Journalists who work for The Times have a habit of tearing strips off the Archbishop of Canterbury. One day they berate him for loving big government more than Jesus; and another for preaching more about foodbanks than God. So crass, misleading and partial are some Comment pieces that earlier this year a comprehensive rebuttal was made, with this exhortation: “The Times owes Justin Welby an apology. Either that, or a conciliatory invitation to write an extended piece on the miraculous nature of Jesus Christ.”
No apology was forthcoming; nor, apparently, any invitation to write an extended piece on the miraculous nature of Jesus Christ. The irruption of God into the world just isn’t news, you see. So Justin Welby did what Jesus tended to do: he went to Times Towers and spoke to some of his critics face-to-face. It’s so much more Christian than carping behind people’s backs and spreading manifest untruths about the Church. And he didn’t mention big government or foodbanks once: he spoke with humility and passion about God, Jesus, sin and salvation. And he did so with such clarity and conviction that it might be an example to us all:
“I’m a Christian because Jesus Christ found me and called me, around 40 years ago. I’m a Christian because it makes sense to me, because Jesus rose from the dead, he conquered death and sin and suffering. I’m a Christian because in Jesus I see the God who didn’t say, ‘This is how you lot have got to behave and I’m going to watch you and judge you,’ but came alongside us and lived in the middle of the absolute foulest mess and himself died unjustly young in great agony and bore all that was wrong in this world on his shoulders.
“I’m a Christian because in my own experience I’ve run away and he’s met me and yet not been angry with me; when I’ve failed he’s picked me up and healed and strengthened me.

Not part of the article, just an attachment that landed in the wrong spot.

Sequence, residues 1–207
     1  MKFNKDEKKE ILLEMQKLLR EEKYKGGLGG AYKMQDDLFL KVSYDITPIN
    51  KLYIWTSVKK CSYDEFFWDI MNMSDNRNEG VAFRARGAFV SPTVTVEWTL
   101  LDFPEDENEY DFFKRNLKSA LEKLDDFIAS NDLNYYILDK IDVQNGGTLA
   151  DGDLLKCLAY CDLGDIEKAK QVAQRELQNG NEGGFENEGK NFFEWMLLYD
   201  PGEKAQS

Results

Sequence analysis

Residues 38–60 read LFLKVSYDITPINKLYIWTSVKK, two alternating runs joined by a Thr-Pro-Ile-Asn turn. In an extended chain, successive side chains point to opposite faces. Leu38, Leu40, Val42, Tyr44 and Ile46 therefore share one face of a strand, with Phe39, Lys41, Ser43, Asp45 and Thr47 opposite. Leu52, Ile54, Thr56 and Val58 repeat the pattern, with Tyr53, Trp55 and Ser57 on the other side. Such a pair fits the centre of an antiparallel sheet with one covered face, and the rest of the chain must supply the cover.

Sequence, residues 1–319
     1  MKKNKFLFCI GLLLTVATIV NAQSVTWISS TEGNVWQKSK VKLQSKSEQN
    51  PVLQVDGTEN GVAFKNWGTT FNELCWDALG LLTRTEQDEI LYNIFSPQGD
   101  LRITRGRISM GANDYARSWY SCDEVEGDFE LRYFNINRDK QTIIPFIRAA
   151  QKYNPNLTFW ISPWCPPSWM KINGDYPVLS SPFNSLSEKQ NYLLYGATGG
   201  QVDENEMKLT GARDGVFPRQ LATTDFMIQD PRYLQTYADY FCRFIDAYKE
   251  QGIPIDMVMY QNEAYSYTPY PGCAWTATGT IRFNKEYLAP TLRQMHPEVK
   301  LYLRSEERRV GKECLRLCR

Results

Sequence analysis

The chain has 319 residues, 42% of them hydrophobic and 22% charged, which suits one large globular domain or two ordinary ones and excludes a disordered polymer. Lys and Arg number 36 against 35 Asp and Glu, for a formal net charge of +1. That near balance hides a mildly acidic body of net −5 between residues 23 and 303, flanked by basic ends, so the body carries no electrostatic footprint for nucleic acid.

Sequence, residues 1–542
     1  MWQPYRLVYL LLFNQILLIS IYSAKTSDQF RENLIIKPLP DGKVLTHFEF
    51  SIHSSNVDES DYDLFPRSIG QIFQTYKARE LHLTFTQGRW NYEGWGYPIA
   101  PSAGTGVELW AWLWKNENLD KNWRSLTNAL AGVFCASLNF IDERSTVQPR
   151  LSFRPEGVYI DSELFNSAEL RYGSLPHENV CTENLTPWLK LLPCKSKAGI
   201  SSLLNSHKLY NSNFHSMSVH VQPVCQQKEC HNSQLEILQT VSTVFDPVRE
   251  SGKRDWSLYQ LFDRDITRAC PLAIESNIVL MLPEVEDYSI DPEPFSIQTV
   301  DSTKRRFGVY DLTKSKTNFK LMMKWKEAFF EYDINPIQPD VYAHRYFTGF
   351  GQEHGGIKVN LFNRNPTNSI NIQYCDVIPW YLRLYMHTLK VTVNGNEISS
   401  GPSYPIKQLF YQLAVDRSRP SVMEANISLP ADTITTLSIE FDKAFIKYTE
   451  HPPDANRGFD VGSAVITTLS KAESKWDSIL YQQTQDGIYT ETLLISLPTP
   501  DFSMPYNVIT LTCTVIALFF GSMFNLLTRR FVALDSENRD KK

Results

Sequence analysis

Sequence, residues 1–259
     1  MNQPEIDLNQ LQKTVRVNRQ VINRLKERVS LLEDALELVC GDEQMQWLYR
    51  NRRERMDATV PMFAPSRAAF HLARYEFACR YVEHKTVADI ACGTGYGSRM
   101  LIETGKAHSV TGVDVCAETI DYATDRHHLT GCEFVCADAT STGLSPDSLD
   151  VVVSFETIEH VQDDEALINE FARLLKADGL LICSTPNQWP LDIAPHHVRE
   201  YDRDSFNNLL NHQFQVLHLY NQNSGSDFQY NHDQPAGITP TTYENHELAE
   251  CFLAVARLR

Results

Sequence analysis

“That’s why I’m a Christian. And that’s why, whatever happens, whatever stupid mistakes, I know that even at the end of it all, even if everything else fails, God doesn’t, and he will not fail even to the end of my life.”
While The Times has a tendency to pontificate infallibly, Justin Welby talks movingly about his inadequacies and failings. While The Times looks at the Church through the distorting prism of temporal politics, Justin Welby tells them to forget the Church and to follow Christ. This Archbishop is preoccupied with prayer, reconciliation, evangelism and witness. He is passionate about doing mission and the “inescapable reality” of Jesus in his life. All The Times sees is foodbanks and Wonga, interspersed with sexuality and gender. That is the inescapable reality of media obsessions and Church caricature.
Archbishop Justin told News UK staff (which also includes The Sun, Sunday Times and the TLS) that he found being a Christian “a reasonable thing to be” because “the best answer to where was Jesus’s body after the crucifixion is that he rose from the dead”. Reason is a good place for the Christian to start when speaking to journalists – even Christian journalists who prefer to lecture the rest of us with their righteous shoulds and oughts. They may become irritated or inflamed, but the truth of the facts tends to have that effect on those who are so persuaded of the truth of their facts that there is nothing more to discuss – if, that is, they deem you worth talking to at all.
The Archbishop spent most of time talking about “the person and presence of Jesus”. But you won’t read about that in The Times. He explained that “Christian faith doesn’t hide us from the cruelties of life. Jesus himself faced every aspect of the cruelty of life that is possible. It’s just in it he is there in it in the middle of the mess with us.” You won’t read about that in The Times, either.
He then challenged his audience: “Christ is the light who draws close to us whatever life can bring to us. All of us will experience bereavement, again and again many of us, all of us will experience death. What is the company? Who is the person that will be with us at those last moments?”
But you won’t read about that in The Times, either. Or perhaps you will, but you’ll find it couched in a trite column as ‘Justin Welby’s holy disorder‘, leading with chatter about the oil industry and fat-cat salaries, juxtaposed with nuggets of tittle-tattle about George Osborne and Bach . If all that Times‘ journalist can glean from Justin Welby is the snarl of ‘holy disorder’, the derangement is theirs. And that is why the Archbishop visited them with the gospel truth. It is not the healthy who need a doctor, but the sick.